For Christians are not distinguished from the rest of mankind by country, or by speech, or by dress. For they do not dwell in cities of their own, or use a different language, or practise a peculiar speech…But while they dwell in Greek or barbarian cities according as each man’s lot has been cast, and follow the customs of the land in clothing and food, and other matters of daily life, yet the condition of citizenship which they exhibit is wonderful, and admittedly strange…Every foreign land is to them a fatherland, and every fatherland a foreign land. (Epistle to Diognetus 6.1-5: NE 55).

“To set up their own separate educational provision would have been to withdraw from the common life they shared with their pagan neighbours. And, while they recognized the dangers and allure of paganism, the early Christians saw no need to do that. They let their children ‘share in the instruction which is in Christ’ (1 Clement), and they allowed them access to education for the wider pagan society. They were not trying to create a Christian ghetto, but to be salt and light in their world. Their attitude to their children’s education was an expression of this open yet critical attitude.”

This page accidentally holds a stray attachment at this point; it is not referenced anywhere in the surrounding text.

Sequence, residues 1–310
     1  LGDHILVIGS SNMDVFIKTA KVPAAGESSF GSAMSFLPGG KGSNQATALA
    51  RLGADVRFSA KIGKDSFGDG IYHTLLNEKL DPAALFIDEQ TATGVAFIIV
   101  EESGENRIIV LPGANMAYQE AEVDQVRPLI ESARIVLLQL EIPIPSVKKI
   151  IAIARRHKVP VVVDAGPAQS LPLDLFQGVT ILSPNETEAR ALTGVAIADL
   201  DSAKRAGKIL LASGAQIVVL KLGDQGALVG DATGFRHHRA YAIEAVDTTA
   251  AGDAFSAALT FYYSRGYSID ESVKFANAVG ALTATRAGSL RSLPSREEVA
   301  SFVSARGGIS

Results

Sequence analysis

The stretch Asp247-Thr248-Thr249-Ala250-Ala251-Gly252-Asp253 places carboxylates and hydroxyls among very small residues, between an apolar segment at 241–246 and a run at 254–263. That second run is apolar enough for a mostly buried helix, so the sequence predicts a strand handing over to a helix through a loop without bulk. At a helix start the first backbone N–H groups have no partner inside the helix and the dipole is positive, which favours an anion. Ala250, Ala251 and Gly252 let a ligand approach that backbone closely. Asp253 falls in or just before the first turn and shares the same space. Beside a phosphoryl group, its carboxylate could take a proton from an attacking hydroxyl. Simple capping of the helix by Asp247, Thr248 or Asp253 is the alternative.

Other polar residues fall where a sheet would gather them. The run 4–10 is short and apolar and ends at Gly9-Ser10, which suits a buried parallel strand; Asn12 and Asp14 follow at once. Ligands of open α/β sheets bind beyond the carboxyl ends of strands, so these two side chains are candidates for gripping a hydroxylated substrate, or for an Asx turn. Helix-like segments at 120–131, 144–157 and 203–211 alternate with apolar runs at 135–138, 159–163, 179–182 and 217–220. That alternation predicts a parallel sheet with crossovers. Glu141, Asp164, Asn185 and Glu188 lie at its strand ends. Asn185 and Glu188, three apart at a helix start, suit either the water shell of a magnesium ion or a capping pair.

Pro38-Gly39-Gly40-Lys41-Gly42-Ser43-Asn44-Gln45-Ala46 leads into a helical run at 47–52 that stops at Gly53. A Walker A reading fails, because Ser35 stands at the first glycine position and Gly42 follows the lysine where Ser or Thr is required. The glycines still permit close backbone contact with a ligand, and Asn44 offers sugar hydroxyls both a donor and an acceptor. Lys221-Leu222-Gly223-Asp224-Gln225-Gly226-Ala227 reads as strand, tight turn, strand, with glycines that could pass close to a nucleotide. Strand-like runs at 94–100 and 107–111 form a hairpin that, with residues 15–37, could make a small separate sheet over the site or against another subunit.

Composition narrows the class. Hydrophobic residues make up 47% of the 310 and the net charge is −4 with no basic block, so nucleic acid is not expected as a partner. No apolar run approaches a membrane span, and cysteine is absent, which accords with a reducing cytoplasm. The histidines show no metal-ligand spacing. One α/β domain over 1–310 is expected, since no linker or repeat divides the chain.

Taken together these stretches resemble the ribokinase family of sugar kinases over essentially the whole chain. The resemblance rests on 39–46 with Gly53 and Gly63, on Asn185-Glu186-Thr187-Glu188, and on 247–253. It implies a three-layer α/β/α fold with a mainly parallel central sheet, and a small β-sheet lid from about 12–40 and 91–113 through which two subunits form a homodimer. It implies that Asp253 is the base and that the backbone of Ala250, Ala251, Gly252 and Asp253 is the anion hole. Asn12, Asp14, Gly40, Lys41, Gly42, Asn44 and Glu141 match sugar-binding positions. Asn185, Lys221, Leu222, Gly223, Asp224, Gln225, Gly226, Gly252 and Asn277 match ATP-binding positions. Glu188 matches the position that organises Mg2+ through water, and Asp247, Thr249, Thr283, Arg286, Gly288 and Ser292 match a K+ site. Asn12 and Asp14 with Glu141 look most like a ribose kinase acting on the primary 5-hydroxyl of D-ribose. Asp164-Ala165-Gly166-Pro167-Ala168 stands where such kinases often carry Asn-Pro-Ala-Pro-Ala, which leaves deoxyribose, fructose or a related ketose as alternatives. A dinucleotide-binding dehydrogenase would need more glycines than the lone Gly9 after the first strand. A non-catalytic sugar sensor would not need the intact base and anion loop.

Advertisements
This entry was posted in Christian Curmudgeon, Education, History, Quotes, Transformationism, Two-kingdoms. Bookmark the permalink.

6 Responses to The Mis-education of Origen

  1. Paul says:

    Zrim, who wrote this? Yikes. Stuff like this, “Unfortunately for the contemporary cause, typically overlooked is the fact that such imperatives were directed at Christians only,” is demonstrably false.

  2. Paul says: